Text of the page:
Batten down the hatches, and get ready for more strikes and industrial disputes than we have seen for some time.
Qantas, Baiada and the nurses’ dispute in Victoria are inklings of a coming storm, with both sides shaping up for a fight in a time of economic stress, and a stack of enterprise bargain agreements covering an estimated 130,000 employees due to expire in 2012.
Some industrial relations lawyers are even getting nostalgic, talking about a return to the 1970s – the days when industrial relations was run by a club and there was a beer and petrol strike every Christmas. They also reckon it’s a test of the Fair Work Act.
There’s a bit of hyperbole in both claims but there’s no doubt the ground is shifting.
These disputes are less about money than about a challenge to employment relations. It’s about the fundamental tension between management’s right to manage the business and union control over issues like security of employment. As one migrant worker at the Baiada picket line was reported saying, we will not give up until they respect us. Qantas workers and nurses would say the same thing.
The unions are getting traction with their members because everyone is so scared about what’s happening with the economy and overseas. The problem is that companies feel the same way. That’s what makes these disputes so unusual.
Still, this doesn’t signal a return to the 1970s. Unions are now struggling to remain relevant with their membership shrinking from 40 per cent in 1992 to just 18 per cent in 2010. Unions were more powerful, some would say more relevant, back in the 70s. And there is less industrial disputation now. In the 1980s, some 1.4 million days were lost to industrial dispute but now, it’s just 150,000. That’s hardly a sign of a powerful labour movement.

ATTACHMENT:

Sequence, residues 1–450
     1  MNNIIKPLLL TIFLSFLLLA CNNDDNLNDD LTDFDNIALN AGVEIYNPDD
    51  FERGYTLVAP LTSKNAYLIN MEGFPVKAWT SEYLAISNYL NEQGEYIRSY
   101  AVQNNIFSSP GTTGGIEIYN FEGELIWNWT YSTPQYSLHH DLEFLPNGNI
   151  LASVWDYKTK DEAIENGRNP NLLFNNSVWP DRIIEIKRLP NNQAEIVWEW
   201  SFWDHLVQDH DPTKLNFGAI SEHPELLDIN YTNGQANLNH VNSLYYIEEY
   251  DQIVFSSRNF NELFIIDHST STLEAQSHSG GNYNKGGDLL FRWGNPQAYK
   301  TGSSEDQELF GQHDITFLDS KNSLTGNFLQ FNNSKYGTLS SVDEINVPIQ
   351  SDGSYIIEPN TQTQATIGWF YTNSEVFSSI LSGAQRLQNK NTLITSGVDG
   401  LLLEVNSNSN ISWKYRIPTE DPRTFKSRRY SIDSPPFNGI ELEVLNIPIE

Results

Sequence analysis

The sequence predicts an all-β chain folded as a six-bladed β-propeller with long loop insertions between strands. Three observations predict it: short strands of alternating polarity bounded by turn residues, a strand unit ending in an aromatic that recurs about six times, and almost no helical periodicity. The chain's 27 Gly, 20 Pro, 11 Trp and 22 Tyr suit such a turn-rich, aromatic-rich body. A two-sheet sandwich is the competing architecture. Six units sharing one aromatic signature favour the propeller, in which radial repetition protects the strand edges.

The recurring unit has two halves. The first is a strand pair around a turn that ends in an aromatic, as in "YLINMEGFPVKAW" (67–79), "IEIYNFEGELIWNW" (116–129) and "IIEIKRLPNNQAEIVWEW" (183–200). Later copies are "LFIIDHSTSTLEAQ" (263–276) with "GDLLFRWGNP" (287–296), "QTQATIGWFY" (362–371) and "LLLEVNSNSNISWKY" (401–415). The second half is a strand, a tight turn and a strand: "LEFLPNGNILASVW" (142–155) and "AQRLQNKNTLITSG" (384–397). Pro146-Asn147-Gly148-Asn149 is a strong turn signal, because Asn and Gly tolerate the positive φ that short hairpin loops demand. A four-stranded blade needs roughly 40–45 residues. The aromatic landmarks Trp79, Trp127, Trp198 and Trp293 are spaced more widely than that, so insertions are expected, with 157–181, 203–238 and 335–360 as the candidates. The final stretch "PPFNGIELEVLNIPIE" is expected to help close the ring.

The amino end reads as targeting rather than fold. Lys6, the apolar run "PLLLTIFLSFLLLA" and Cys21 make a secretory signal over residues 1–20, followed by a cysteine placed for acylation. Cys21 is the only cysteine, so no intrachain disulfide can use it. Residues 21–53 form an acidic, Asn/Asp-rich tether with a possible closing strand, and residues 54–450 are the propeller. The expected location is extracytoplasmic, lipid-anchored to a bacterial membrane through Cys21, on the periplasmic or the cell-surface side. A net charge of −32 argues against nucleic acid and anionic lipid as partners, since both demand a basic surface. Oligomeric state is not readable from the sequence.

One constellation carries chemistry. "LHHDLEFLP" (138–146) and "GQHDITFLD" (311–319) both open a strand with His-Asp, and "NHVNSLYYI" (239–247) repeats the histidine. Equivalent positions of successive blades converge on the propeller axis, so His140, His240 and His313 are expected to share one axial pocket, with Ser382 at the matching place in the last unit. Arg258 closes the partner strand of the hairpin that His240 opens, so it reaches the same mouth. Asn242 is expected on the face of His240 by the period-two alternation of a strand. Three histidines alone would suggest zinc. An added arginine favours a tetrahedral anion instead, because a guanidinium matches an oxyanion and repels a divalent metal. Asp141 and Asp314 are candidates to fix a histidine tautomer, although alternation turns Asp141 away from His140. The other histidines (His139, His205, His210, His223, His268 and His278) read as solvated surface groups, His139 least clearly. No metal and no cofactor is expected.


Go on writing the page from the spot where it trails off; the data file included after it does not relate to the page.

And the claim that these industrial disputes are a test of the Fair Work Act ignores one little thing: the federal government will be reviewing the Act next year.
Indeed, the government’s timing is exquisite as 2012 will be the year of disputes. Analysis by Deutsche Bank shows that agreements covering Telstra, Woolworths, Coles, Ramsay Healthcare, Fairfax, OneSteel, Toll Holdings, Caltex, Goodman Fielder, Origin and Virgin are all up for renewal next year. So are the agreements for the short haul flight crews and flight attendants at Qantas.
There’s a simple reason why it’s happening. In the weeks before passage of the Fair Work Act in 2009, many employers signed agreements to avoid the provisions of the new legislation which had been extensively canvassed. What we’re seeing now is those agreements expiring. In a sense, the first part of this Labor government under Rudd was insulated from the fallout from industrial disputation. Time’s up.
Significantly, official figures show there were fewer strikes and working days lost due to industrial disputation in the June quarter compared to the same period last year but there was a small uptick for that quarter over the previous quarter.